[aprssig] Packet routing, path specification.
jdw at eng.uah.edu
Thu Jun 23 11:59:58 CDT 2005
On Jun 23, 2005, at 11:19 AM, Bill Vodall wrote:
> I'd suggest that brain dead trackers should be replaced with TNC's and
> flexible application software. A tracker gives you a small portion
> of APRS functionality and no "communications" capabilities.
I doubt that people transmitting $GPGGA sentences are using an
application; otherwise, we'd be seeing packets from that app, instead.
Depending on what you're doing, a full TNC and APRS app may be wasted,
or may be prohibitive in terms of size, power consumption, etc.
I could fly a laptop running xastir connected to a KPC3+ as the APRS
rig on a balloon, but that'd be dumb when I can fly an opentracker rig
for a pound or less.
In the case of storm spotters, the EOC needs to know where the report
is originating. A dumb tracker may do a better job than a voice
report, and wouldn't need APRS decode capability.
I don't do SAR, but I'd imagine that knowing where search teams are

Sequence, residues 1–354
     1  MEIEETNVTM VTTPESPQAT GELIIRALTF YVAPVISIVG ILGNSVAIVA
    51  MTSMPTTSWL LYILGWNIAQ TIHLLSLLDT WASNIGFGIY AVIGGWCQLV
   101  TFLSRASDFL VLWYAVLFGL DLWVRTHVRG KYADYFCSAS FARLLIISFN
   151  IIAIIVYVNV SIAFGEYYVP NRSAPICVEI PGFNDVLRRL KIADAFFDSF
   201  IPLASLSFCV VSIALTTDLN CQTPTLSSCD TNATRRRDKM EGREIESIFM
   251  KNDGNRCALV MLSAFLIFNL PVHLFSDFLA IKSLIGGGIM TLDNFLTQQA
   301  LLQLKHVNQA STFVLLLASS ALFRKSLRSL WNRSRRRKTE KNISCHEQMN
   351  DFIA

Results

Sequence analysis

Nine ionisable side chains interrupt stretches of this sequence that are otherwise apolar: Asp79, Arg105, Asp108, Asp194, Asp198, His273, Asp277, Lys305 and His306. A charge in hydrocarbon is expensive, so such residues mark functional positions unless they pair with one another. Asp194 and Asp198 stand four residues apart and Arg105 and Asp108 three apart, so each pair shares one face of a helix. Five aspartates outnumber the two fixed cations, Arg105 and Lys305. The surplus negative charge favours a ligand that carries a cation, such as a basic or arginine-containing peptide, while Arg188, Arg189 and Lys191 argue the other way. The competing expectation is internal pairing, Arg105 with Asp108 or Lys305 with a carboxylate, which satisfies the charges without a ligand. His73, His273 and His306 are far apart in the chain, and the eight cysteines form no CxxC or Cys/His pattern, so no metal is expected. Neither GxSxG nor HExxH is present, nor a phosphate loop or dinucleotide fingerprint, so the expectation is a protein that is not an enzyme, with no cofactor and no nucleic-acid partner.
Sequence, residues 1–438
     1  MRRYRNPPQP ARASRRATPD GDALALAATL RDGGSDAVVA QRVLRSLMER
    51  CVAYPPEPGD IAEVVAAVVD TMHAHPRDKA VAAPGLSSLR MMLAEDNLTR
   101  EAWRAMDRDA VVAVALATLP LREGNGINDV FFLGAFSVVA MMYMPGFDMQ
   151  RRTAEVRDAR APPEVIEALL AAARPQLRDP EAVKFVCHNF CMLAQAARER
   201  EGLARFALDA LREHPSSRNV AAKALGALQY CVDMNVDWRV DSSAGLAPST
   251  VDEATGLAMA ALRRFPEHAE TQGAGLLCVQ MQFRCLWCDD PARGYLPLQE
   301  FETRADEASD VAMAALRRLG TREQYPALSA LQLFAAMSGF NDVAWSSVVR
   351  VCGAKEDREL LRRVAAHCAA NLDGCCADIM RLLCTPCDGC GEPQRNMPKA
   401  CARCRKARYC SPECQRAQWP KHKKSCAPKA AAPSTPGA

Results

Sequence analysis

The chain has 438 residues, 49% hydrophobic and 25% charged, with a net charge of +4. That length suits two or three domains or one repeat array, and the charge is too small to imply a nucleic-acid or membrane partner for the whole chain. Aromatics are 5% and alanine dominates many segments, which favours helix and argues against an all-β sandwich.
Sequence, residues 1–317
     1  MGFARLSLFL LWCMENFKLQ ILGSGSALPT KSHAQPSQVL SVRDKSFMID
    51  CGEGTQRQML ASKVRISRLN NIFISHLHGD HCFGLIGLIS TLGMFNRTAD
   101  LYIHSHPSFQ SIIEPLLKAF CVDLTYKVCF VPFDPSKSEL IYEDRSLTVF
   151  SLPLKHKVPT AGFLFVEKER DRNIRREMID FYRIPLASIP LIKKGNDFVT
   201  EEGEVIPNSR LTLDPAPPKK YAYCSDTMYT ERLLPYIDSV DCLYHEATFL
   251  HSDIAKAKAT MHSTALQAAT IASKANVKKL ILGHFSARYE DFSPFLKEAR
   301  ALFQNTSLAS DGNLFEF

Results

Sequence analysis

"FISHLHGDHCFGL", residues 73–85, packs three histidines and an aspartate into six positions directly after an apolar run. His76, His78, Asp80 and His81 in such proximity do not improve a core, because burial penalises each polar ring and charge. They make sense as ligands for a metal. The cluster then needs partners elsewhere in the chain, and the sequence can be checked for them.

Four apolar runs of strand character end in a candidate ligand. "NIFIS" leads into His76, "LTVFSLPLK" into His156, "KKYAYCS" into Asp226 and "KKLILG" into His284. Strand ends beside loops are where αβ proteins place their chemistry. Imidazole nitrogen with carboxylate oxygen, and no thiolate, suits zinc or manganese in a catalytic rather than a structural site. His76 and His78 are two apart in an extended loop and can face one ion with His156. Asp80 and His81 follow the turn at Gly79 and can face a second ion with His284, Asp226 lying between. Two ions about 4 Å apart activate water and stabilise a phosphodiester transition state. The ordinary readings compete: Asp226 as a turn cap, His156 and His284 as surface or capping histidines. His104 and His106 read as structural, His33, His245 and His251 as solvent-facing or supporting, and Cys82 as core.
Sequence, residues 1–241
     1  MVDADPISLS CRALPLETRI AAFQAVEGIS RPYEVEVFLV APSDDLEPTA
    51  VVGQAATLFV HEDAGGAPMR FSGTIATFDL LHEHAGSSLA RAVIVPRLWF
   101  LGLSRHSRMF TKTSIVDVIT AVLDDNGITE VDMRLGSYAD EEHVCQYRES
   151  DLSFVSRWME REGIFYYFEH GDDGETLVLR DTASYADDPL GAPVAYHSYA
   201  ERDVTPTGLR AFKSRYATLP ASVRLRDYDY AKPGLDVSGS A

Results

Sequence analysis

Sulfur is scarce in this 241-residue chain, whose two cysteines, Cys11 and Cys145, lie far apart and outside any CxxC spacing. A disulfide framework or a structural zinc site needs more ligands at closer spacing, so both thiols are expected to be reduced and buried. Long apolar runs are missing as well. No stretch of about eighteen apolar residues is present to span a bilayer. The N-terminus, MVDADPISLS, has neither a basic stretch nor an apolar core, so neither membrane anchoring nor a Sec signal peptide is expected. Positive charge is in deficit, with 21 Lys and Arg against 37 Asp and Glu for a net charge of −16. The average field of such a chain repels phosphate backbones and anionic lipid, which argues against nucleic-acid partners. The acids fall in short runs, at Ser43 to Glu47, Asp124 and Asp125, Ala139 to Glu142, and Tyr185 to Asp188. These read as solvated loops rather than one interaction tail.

(and have been) is quite useful for the command post, even if teams
can't receive APRS and see where other teams are located.
Does a weather station need receive capability?
Those are just a few examples; I'm sure there are others.
> By changing the path on the fly, or using better software to control
> the path,
Trackers can do that, to a limited extent. I can easily rig a toggle
switch for an OpenTracker to manually switch between two different
> you can probably more then make up for the few extra bytes
> created by the long NMEA sentences.
Quite a bit more than a few bytes. grabbing 3 examples from an old log
$GPGGA sentence: 69 byte payload
standard APRS position report, with time, speed, and heading: 35 bytes
standard APRS position report, position only: 20 bytes
Mic-E packet from a D700: 14 bytes
$GPGGA uses about 5 times as much payload bandwidth than Mic-E, and
includes less useful information. Even including the headers, it's
double (or worse).
More information about the aprssig